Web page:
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Annie Hayes



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Official statistics confirm job prospects are on the slide


Data released from the Office of National Statistics show the jobless count to be up; while the CIPD warn that the worst is yet to come.

The claimant count measure of unemployment rose by 20,100 in July, reaching 864,700. The unemployment rate is now 1.67 million. This is the largest increase in a single month since 1992. At the same time, wage growth has weakened. Average earnings including bonuses were 3.4% higher in the three months to June in comparison to the same period last year.

John Philpott, chief economist at the Chartered Institute of Personnel and Development (CIPD) said of the findings: “This is the weakest set of labour market data since the economic slowdown began. Employment growth has ebbed to a trickle – indeed employment has fallen in several regions of the country – while the rise in unemployment is gaining worrying momentum. The number of unemployed people claiming Jobseekers’ Allowance has risen in every month since January – with each monthly increase greater than the last – and there are now more people in receipt of this welfare benefit than a year ago.”

Philpott said that the impact of the economic slowdown is also becoming more widespread, with nearly every sector of the economy posting fewer job vacancies in the three months to June: “This is particularly evident in those parts of the private sector that until recently were major engines of job creation such as shops, hotels and restaurants, finance and business services, and construction. Moreover for the first time since the credit crunch emerged there is a clear sign that redundancies are on the rise.”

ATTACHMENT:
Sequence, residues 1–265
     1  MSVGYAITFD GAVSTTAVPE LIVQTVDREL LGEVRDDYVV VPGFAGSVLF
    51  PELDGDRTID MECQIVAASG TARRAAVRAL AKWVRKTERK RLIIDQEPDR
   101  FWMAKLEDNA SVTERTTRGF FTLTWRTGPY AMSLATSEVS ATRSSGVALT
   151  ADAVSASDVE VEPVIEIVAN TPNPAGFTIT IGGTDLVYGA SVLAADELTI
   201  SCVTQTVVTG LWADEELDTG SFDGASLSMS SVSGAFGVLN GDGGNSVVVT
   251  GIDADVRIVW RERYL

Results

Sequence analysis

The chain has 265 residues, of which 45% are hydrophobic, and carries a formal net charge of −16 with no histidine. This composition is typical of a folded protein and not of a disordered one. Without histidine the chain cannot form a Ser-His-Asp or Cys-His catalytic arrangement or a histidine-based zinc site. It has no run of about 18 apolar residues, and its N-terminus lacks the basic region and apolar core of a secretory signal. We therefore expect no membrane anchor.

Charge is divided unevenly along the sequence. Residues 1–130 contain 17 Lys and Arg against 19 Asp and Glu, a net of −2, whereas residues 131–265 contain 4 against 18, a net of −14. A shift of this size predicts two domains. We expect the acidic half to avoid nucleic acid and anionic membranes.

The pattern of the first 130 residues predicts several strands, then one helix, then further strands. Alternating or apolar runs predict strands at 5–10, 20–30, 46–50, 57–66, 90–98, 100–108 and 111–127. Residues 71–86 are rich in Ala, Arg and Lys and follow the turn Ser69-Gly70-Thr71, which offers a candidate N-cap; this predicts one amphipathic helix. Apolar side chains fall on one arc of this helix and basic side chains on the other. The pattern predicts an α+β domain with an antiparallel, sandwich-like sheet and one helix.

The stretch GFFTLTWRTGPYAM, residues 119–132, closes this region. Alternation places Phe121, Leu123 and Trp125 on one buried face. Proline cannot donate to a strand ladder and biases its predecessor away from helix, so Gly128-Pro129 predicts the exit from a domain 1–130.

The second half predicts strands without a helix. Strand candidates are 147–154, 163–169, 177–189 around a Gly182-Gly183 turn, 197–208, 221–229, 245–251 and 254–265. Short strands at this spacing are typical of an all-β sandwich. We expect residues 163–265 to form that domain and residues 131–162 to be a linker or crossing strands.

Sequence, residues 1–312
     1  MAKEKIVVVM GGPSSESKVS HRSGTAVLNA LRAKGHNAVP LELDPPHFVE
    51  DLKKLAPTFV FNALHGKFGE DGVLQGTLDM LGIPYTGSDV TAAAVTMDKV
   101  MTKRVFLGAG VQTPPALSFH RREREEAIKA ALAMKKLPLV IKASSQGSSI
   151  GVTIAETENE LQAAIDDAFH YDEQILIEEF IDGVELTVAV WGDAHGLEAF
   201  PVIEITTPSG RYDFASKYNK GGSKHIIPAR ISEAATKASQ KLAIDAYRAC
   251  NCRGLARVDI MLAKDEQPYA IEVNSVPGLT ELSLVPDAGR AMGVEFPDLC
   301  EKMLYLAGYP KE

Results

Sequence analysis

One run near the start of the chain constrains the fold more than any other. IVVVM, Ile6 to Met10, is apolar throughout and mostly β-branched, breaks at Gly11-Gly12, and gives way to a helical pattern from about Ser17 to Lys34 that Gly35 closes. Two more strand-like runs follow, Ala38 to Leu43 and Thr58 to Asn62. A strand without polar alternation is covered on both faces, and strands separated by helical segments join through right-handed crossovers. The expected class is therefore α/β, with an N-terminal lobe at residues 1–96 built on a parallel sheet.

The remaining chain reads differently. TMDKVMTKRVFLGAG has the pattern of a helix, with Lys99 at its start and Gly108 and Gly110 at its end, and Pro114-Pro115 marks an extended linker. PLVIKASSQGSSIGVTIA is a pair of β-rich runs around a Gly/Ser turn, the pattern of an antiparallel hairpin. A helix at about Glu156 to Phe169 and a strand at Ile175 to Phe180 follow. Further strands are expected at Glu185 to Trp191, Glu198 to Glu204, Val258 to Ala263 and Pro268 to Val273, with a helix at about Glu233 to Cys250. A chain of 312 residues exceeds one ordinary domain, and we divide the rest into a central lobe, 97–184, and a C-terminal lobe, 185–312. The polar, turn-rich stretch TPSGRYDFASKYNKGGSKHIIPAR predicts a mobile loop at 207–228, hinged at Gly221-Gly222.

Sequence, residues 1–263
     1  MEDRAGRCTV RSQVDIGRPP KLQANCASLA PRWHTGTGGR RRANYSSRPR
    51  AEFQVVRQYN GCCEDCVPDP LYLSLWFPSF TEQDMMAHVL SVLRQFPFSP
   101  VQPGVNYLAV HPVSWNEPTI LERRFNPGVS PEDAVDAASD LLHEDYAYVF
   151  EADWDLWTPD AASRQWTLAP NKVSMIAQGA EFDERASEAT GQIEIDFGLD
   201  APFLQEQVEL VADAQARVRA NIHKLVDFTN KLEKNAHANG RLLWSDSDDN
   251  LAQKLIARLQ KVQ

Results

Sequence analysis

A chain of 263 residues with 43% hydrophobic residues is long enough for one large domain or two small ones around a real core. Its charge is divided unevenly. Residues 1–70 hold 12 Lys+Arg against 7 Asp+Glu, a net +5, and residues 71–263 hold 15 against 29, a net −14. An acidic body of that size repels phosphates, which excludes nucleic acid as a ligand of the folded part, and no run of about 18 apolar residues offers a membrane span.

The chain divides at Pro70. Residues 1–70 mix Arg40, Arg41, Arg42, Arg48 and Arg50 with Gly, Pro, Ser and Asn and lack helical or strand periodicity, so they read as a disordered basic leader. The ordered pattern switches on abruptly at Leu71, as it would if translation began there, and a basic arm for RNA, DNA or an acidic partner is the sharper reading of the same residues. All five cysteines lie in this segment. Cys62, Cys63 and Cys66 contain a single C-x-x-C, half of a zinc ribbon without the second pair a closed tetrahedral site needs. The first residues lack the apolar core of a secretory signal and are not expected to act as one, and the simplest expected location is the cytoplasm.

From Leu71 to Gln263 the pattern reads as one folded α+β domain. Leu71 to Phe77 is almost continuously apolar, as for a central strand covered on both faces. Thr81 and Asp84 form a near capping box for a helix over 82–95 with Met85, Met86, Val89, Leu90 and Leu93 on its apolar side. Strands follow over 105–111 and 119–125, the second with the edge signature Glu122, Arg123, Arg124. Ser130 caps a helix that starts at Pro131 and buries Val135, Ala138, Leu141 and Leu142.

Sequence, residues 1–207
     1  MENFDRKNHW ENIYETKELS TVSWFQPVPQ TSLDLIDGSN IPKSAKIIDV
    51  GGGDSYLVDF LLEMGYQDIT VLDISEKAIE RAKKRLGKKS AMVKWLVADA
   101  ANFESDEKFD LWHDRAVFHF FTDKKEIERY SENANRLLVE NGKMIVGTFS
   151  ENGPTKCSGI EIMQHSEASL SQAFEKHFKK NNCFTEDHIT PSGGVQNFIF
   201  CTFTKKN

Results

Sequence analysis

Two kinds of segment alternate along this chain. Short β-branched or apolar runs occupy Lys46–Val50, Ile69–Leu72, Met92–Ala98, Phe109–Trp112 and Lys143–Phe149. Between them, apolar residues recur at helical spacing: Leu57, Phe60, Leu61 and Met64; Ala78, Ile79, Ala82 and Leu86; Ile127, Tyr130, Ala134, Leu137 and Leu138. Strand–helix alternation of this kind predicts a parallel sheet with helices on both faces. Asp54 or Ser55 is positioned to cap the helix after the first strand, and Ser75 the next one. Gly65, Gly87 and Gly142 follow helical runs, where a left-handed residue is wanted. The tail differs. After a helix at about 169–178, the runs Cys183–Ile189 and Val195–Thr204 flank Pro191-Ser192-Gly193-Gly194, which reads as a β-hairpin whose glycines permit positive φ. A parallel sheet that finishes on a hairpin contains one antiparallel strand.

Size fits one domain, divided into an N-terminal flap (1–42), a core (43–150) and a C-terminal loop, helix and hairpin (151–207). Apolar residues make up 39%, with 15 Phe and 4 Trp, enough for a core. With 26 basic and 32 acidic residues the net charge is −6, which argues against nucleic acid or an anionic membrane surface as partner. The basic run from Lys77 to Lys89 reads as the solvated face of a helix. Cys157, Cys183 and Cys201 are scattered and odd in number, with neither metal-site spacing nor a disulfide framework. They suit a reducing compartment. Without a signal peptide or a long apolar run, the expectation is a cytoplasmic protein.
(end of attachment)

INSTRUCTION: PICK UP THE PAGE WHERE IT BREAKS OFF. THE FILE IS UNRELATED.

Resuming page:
Tom Hadley, director of external relations at the Recruitment and Employment Confederation (REC), said that the statistics were concerning but that things needed to be kept in perspective.

“We have experienced almost unprecedented growth and demand for jobs over the last two years. Employers are right to be cautious in the current climate but feedback from recruiters and the latest REC/KPMG Report on Jobs is that employers are still hiring. Generally speaking, they know how important it is to hold on to talent when times are tough, not only to remain competitive, but also to avoid the repercussions that come with having to recruit talent back into the organisation when the market picks up.”

Earlier this week, reported on findings from the latest quarterly CIPD and KPMG Labour Market Outlook survey, which found that employment prospects are weaker than at any time since the survey began four years ago with redundancy misery predicted for thousands.

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Annie Hayes


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